Today’s Military Lacks True Leaders, Says Prize-Winning Author

September 25, 2014 | by the Office of Communications and Public Affairs

On September 11, military affairs reporter Thomas E. Ricks visited Elmhurst College to present a lecture, Why We Don’t Win Wars Any More.

He addressed the topic by discussing the leadership qualities of World War II generals George C. Marshall and George S. Patton, compared with those of generals today.

He said that generals like Marshall had the freedom to succeed or fail, as well as to speak truth to power. But while success was rewarded, failure was unacceptable and the price was the general’s job.

By contrast, today’s generals are “a bunch of organization men,” with a sense of entitlement and a lack of mental discipline. What the military needs is leaders who are “comfortable with chaos, who are adaptable and can thrive in ambiguity.”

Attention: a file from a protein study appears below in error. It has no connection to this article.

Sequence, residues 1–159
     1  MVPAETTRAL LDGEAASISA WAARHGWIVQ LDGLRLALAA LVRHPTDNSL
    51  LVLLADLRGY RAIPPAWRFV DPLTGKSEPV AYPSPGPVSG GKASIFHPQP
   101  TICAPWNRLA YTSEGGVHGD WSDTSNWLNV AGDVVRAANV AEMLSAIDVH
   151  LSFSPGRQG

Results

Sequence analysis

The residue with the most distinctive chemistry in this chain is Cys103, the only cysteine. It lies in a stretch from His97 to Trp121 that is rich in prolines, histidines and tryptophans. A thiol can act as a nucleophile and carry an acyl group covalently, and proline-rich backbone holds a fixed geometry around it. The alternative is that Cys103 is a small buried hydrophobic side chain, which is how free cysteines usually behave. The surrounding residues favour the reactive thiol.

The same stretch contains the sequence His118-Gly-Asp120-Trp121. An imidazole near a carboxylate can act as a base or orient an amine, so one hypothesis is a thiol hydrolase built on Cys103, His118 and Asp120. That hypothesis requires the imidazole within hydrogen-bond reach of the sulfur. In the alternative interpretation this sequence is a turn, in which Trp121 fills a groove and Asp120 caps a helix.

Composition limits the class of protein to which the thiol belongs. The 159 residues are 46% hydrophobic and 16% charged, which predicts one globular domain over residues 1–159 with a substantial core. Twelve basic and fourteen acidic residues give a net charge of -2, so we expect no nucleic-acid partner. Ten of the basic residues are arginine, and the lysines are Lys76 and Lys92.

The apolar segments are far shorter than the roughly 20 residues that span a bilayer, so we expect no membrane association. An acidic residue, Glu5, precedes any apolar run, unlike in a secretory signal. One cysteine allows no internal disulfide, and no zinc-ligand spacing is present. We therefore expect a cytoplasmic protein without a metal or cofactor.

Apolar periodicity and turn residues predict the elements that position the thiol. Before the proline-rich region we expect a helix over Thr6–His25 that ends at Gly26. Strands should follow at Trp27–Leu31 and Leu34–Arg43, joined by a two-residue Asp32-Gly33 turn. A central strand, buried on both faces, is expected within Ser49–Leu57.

For two tumultuous decades, Ricks covered military conflicts and national security issues for The Wall Street Journal and The Washington Post, in the process winning the Pulitzer Prize. He is the author of Fiasco: The American Military Adventure in Iraq and numerous other books and articles on defense topics.

Ricks wrote Fiasco (2006) after serving five gritty tours in Iraq as a reporter. He came away stunned, calling it “the worst war plan in American history.” Fiasco is based not only on Ricks’s own experiences in the region but also on thousands of documents and hundreds of interviews.

A finalist for the Pulitzer Prize and a No. 1 New York Times bestseller, Fiasco has been described as the tipping point in the national debate around the Iraq war. “We are enmeshed in the Middle East as never before in our nation’s history and cannot wash our hands of Iraq,” he says.

Ricks’s most recent book is The Generals: American Military Command from World War II to Today (2012).

Why We Don’t Win Wars Any More was part of the Rudolf G. Schade lecture series at Elmhurst College, and was sponsored in part by BMO Harris Bank.

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